Page 3 of 5 FirstFirst 12345 LastLast
Results 41 to 60 of 86

Thread: Spanish flea market finds.

  1. #41
    Join Date
    Feb 2012
    Location
    Maple Valley, WA
    Posts
    8,401

    Support BladeForums!
    Paid memberships don't see ads!
    Quote Originally Posted by I'mSoSharp View Post
    So you think the decorative spur is based on older axes that used to have a haft over-strike protector?
    No. Not an overstrike protector. It's simply to increase the surface area of contact between the haft and the head. This reduced wear on the haft. Recall that old world axe makers didn't have access to hickory which only grew in N. America. This is why many European axes to this day have a larger eye size than American axes. It takes more wood in the eye to make an adequate haft if you don't have hickory.

  2. #42
    Join Date
    Mar 2011
    Location
    UK / Spain
    Posts
    131
    Picked these two uglies up today





    I like the shape of the top one, it weighs 1lb 6oz with a normal steel wedged handle (with fancy splits!), the lower one 1lb 4oz with a slip handle someone had decided would benefit from having half a dozen nails driven into it.....
    The slip handle is a goner, the split handle should be too but am hatching a plan to maybe save it

  3. #43
    Join Date
    Mar 2011
    Location
    UK / Spain
    Posts
    131
    A bit of black epoxy & it's good as new



    It would have been easier to re-handle it but I wanted to see what it looked like, glad I did as I like it, a very solid handle.


    And following on from this thread- http://www.bladeforums.com/forums/sh...rge-French-axe -I finally handled the last of the three big heads.
    For this last one I made a slip through handle.

    I started off thinning a Rowen log down that I'd stored a couple of years ago.


    Using just the hatchet I shaved it down, here slipped half way through the eye.


    Normally I'd go inside & use a draw knife but this time I thought I'd see haw far I could get with the hatchet & the knife I had in my pocket at the time, a Douk-douk.


    A bit rough, I used the pocket knife as a scraper.


    Still, a totally usable haft as it would've probably been done some years ago, might give it a sanding tomorrow before oiling.


  4. #44
    That epoxy job actually looks pretty cool....well done. Old wood always has a character worth preserving.

  5. #45
    Join Date
    Feb 2012
    Location
    Maple Valley, WA
    Posts
    8,401
    That's great work and I love how you used the natural curve of the wood to your advantage.

  6. #46
    Join Date
    Aug 2013
    Location
    Oregon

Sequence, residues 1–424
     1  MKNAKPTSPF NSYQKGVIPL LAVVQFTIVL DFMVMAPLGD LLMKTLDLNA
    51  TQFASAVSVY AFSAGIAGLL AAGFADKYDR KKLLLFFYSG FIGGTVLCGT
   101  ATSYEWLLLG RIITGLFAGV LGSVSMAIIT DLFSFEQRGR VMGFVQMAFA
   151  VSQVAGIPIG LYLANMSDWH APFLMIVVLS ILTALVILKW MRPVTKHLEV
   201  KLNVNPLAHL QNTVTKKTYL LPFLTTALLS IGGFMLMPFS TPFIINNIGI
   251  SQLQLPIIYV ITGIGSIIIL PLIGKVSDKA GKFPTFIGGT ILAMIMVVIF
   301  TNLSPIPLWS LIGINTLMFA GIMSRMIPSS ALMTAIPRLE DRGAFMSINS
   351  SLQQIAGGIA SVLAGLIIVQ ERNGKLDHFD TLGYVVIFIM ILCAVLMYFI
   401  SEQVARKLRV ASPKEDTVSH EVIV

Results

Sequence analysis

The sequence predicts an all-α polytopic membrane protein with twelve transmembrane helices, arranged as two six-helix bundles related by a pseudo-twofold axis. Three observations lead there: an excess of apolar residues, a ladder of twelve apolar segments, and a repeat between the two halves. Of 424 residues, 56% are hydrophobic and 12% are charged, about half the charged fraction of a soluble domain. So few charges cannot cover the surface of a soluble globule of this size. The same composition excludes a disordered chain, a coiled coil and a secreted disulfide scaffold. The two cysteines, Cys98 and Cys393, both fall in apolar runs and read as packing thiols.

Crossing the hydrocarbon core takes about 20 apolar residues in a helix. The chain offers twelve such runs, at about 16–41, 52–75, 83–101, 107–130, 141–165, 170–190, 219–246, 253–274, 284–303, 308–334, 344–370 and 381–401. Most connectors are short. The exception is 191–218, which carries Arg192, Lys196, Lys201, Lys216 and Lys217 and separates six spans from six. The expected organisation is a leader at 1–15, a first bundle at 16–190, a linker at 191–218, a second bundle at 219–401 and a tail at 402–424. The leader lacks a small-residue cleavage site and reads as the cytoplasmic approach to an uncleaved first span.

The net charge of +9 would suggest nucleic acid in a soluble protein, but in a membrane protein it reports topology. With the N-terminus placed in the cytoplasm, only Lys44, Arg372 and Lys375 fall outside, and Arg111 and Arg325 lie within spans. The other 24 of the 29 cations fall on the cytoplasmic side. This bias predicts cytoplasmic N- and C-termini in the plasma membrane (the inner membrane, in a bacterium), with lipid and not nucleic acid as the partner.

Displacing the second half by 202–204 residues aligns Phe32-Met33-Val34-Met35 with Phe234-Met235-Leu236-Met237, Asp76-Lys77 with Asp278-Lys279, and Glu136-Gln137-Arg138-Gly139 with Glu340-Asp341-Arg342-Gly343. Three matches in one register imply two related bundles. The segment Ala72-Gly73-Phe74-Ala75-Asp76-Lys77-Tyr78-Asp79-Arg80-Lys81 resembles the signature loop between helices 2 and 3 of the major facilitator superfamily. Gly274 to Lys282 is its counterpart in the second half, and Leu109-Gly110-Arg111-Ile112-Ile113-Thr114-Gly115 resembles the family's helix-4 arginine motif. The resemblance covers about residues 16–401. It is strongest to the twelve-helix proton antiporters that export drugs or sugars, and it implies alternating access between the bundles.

Posts
    1,617
    I like that. Thank you for the ride-along pictures as well!

  7. #47
    Join Date
    Mar 2011
    Location
    UK / Spain
    Posts
    131
    Quote Originally Posted by Able_walker View Post
    That epoxy job actually looks pretty cool....well done. Old wood always has a character worth preserving.
    Thanks, & yes it does look pretty nice. Sadly when digging the wedge out of the slightly loose head to get it off that end became unusable, so it's about an inch shorter than it was when found. Coulnd't agree more on old wood.

    Quote Originally Posted by Square_peg View Post
    That's great work and I love how you used the natural curve of the wood to your advantage.
    Thanks, I had a few straight & curved bits stored, will have to find some more for the future as I haven't much left.

    Quote Originally Posted by Agent_H View Post
    I like that. Thank you for the ride-along pictures as well!
    Thanks, & you're welcome.


  8. #48
    Join Date
    Mar 2011
    Location
    UK / Spain
    Posts
    131
    Not a flea market find. Got it from a neighbor yesterday, on a long slip through round shaft.



    It's a Spanish made "Bellota" 801-0.

    What's it called in English? Matttocaxe, Axmattock

  9. #49
    I'd be inclined to call it a Pulaski although they look a little different.

  10. #50
    Join Date
    Mar 2008
    Location
    Maine
    Posts
    20,651
    The Italians would call that a "zappascura" -- literally a "hoe axe". Its closest American analog would be a cutter mattock, but they are a clearly different tool, though used for similar tasks.


    Baryonyx Knife Co. ~Trusted specialists in high value, low cost knives and tools.

    "To live at all is miracle enough."
    — Mervyn Peake

  11. #51
    Join Date
    Mar 2011
    Location
    UK / Spain
    Posts
    131
    Quote Originally Posted by Canadian Mojo View Post